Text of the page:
Since the controversy began, many people have come forward in support of the victims, voicing their disgust at deepfake porn and sharing their own experiences. However, others have diminished the trauma that deepfakes cause, even going so far as to imply that streamers deserve the harassment

“I was molested as a child, and it reminds me of that feeling,” Qtcinderella voiced during the podcast. Sadly, this is not a one-off experience – deepfake pornography is becoming an increasing problem for many women who, like Qtcinderella, have had to deal with the real-world consequences of having their likenesses used without consent.

Deepfake Pornography and its Victims

As deepfakes rise in prominence, so does deepfake pornography. According to deepfake detection company Sensity AI, between 90% and 95% of all deepfakes are pornographic, and 90% of those victimize women. To make matters worse, the availability of deepfakes is rapidly increasing, steadily doubling every month.

Supporters of deepfake porn argue that consuming the content is just as ethical as watching any kind of porn. Several of Atrioc’s fans echoed the sentiment, admitting they also visited deepfake sites and would continue to do so.

Let’s be clear: watching porn is not the problem – watching non-consensual pornography is.

Most explicit deepfakes are created without the consent or knowledge of the person behind the images. It is no different than leaking someone’s nudes. In fact, fake content has been repeatedly passed off as real footage. X-rated videos of female celebrities Scarlett Johansson and Kristen Bell made the rounds on social media as “leaked nudes” in 2020, with one deepfake video receiving over 1.5 million views.

The problem is so significant that victims can now pay companies to search and scrub non-consensual deepfakes of them from the internet, but this can cost hundreds of thousands of dollars, and it is impossible to remove them all. Not even wealth and fame can completely erase those videos from existence, and thousands still believe the content to be legitimate.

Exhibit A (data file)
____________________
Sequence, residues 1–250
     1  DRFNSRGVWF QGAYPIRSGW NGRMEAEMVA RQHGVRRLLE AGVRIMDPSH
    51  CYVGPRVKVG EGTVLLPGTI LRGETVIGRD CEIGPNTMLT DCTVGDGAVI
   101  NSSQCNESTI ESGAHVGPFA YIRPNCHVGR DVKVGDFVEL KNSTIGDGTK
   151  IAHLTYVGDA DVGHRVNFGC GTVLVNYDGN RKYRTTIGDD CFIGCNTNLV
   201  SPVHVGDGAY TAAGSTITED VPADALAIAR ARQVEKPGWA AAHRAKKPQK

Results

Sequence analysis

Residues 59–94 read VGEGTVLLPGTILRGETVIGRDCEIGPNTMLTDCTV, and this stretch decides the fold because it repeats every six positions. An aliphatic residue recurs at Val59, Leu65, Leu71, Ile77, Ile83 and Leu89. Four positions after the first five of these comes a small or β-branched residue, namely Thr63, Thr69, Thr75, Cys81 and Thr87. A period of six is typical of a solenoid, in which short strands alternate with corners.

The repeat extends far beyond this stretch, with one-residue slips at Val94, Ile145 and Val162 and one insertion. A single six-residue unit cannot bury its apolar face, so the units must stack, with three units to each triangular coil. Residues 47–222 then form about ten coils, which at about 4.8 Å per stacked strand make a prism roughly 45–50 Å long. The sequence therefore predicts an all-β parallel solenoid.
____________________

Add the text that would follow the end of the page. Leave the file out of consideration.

Despite what some think, putting your face on the internet does not mean you agree to be objectified. And it goes without saying that most of us have posted pictures of ourselves online at some point in our lives – and if we haven’t, our friends, parents, and peers often share our images on their own pages.

It only takes one post. As evidence, one journalist found that a startlingly lifelike deepfake can be created from a single 15-second Instagram story. Anyone can become an unwilling porn actor, and deepfake creators are happy to make the nightmare a reality, using photos of women and underage girls for their sexual gratification.

Nonconsensual deepfake porn is a violation in every sense. The societal and psychological effects on victims are numerous. Even if creators post disclaimers that the content is not real, a woman’s face and body are still being used against her will, an experience so traumatizing that some compare it to being sexually assaulted. Without any wrongdoing on their part, women have had their public irreparably damaged, sometimes to the point where they are denied employment. Others have changed their names or left the internet entirely. All the while, deepfake technology becomes more advanced and more accessible to the general public.

Why People Create Deepfake Porn

Not all deepfakes are created equal, and the motivations behind them are just as varied. As we gain more information about the perpetrators and predators behind this content, three reasons emerge again and again: profit, revenge, and control.

Like many porn distributors, the average deepfake website features trailers and clips from longer videos that are behind a paywall. Users pay monthly or yearly subscriptions to receive access to non-consensual content of famous celebrities and figures. Some sites also allow pay-per-post and fulfill requests from subscribers. With rates rivaling common subscription services like Netflix, making deepfakes can quickly become lucrative, especially for creators that take commissions. They profit off the exploitation of women, who have no say or control over their own image.

Unsurprisingly, deepfakes are also weaponized as a form of revenge porn. A woman breaks up with a man, rejects his advances, or disagrees with his political views, and suddenly her face is superimposed onto a pornstar’s body, a deepfake video taking a wrecking ball to her life. In these circumstances, the deepfakes serve two purposes – to get back at the woman for her perceived transgressions and to control her life. Her humiliation is paramount to the predator’s vindication, her silence the ultimate prize.

Why People Watch Deepfake Porn

In spite of the countless articles and reports on the sexual trauma deepfakes cause, millions of people consume ai generated porn. Although you can argue that these viewers simply lack morals, there are societal factors that play a role as well.

Dehumanization of Public Figures and Women